Eng 102 Unit 8 FINAL Essay

Submitted By Erica-Whitehead
Words: 2571
Pages: 11

Sex Education in Public Schools Need Biological Truths
Erica Benford
Columbia Southern University
This research paper investigates the importance of biology being integrated into the sex education curriculum provided by the school systems. Sex education is one of the most debatable issues in the public education realm. However, essential information is excluded from the curriculum in order to remain within certain guidelines. Biology is highly important to the education process. Without it we have taken a first-class seat and witnessed firsthand of the negative effects when it comes to teenage pregnancies and STI rates. For decades, the school system has been instructing adolescence on either Abstinence-Only Programs or sex education with limitations that does not include the biological truths required to effectively and efficiently coach them towards a healthy sex life.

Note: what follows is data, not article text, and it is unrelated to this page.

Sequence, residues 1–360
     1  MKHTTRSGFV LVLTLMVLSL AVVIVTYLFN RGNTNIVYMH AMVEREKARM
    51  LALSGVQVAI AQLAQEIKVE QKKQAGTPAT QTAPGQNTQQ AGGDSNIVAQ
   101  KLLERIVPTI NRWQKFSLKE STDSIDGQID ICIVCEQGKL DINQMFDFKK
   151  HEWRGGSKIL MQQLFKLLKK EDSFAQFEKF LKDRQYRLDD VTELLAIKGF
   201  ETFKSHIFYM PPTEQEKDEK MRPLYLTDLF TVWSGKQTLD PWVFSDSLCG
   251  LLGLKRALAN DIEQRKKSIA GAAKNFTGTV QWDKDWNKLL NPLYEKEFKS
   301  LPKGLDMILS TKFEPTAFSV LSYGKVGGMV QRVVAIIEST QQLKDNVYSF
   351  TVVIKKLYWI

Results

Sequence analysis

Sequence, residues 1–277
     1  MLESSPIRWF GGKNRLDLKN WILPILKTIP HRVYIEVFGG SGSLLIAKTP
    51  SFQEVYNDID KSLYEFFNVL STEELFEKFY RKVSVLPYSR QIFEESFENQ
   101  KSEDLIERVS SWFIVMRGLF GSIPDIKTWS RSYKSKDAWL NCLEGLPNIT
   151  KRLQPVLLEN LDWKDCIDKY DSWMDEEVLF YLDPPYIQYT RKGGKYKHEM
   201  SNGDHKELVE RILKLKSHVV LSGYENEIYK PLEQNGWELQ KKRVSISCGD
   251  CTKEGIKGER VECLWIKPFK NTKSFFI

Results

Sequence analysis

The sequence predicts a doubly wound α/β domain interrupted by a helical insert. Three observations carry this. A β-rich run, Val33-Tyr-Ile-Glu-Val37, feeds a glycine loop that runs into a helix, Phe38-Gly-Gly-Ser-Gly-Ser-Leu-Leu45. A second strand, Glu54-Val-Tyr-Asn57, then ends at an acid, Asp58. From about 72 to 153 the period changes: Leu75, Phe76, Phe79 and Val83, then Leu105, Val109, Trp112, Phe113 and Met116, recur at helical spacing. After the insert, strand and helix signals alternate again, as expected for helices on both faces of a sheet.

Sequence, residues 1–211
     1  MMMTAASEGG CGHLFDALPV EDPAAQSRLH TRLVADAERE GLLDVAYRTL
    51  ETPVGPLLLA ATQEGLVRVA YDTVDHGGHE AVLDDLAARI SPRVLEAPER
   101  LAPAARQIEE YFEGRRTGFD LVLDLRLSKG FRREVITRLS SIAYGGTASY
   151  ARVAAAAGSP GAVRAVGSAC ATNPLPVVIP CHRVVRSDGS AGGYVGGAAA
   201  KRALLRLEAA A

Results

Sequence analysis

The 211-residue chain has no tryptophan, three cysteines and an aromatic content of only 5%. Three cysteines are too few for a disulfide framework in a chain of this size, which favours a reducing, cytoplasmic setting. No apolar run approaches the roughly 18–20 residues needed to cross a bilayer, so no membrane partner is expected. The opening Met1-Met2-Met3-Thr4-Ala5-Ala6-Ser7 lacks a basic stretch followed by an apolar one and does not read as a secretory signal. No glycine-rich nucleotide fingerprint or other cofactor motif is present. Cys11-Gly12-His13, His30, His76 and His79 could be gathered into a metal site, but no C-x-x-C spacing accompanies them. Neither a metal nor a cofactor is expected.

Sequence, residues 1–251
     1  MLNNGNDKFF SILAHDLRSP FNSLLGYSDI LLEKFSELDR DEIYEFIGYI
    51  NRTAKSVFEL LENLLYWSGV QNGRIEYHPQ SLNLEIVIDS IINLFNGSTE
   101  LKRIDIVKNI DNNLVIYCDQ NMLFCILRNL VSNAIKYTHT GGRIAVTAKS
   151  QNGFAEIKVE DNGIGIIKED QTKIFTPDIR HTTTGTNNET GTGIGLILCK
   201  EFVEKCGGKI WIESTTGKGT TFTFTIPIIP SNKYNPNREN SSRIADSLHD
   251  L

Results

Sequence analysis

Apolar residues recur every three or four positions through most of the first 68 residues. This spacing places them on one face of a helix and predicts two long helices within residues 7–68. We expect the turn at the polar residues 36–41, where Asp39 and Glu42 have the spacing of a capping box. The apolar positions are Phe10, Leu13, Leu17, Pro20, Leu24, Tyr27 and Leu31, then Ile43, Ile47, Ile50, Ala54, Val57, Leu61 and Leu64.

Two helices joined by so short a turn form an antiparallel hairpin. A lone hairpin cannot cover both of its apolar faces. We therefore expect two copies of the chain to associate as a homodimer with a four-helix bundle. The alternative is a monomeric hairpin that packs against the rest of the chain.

Research Paper Final Draft Sex education being taught at school has always been an issue for a multitude of reasons. As of 1 January 2015, only 19 US states require sex education to be based on medical science however, each state defines its own definition of “medically accurate” (NCSL, 2015). This is very disturbing because sex education without science is not education at all. It is merely a way to teach other’s how to act according to societal standards and does not ultimately educate the youth on all aspects of sex education. In order to educate, one must inform the uneducated of the positives, as well as the negatives of situations. In an attempt to effectively and efficiently educate our youth, age appropriate, comprehensive sexual education with the inclusion of biological truths should be taught beginning in elementary school to end the epidemic of duplicity, ignorance, and misinformation. Recent studies have shown the enormous impact that sex education alone has assisted in the decrease of teenage pregnancies, STI prevention and abortion rates. Some schools do not teach sex education at all and the mere mention of sex might be briefly covered within a biology class (for example, teachings pertaining to the reproductive system). These classes often leave young people confused and ignorant, and convey the message that human sexuality is embarrassing and shouldn't be discussed. The introduction of sex education raised a strong opposition from the conservative, traditionalist part of the US society. At the same time, health care professionals, educators and scientists insisted on the development of sex education in public schools. The aim of sex education is to teach students the essence of healthy sexual relations and healthy sexual life of individuals. Today, sex education is still one of the most controversial issues in the public education of the US because, on the one hand, there are moral and ethical norms and principles, which often raise barriers on the way to the development of extensive sex education in public schools. Whereas, on the other hand, there is the urgent need to develop sex education to prevent negative effects caused by the lack of such education among students. At the moment, the development of sex education in public schools becomes an urgent issue as the number of unwanted pregnancies among adolescents grows and cases of sexual abuse emerge in the field of public education (Klein 284). The problem is that adolescents have limited access to the adequate information about sexual life. The lack of knowledge and experience naturally increases the risk of serious health problems, cases of sexual abuse and other problems associated with the sexual life of adolescents. Sex education in public schools has a considerable potential of helping children to receive adequate information about sexuality and their sexual life and avoid many pitfalls which they naturally confront in the course of their maturation. However, the public attitude toward sex education in public schools is often negative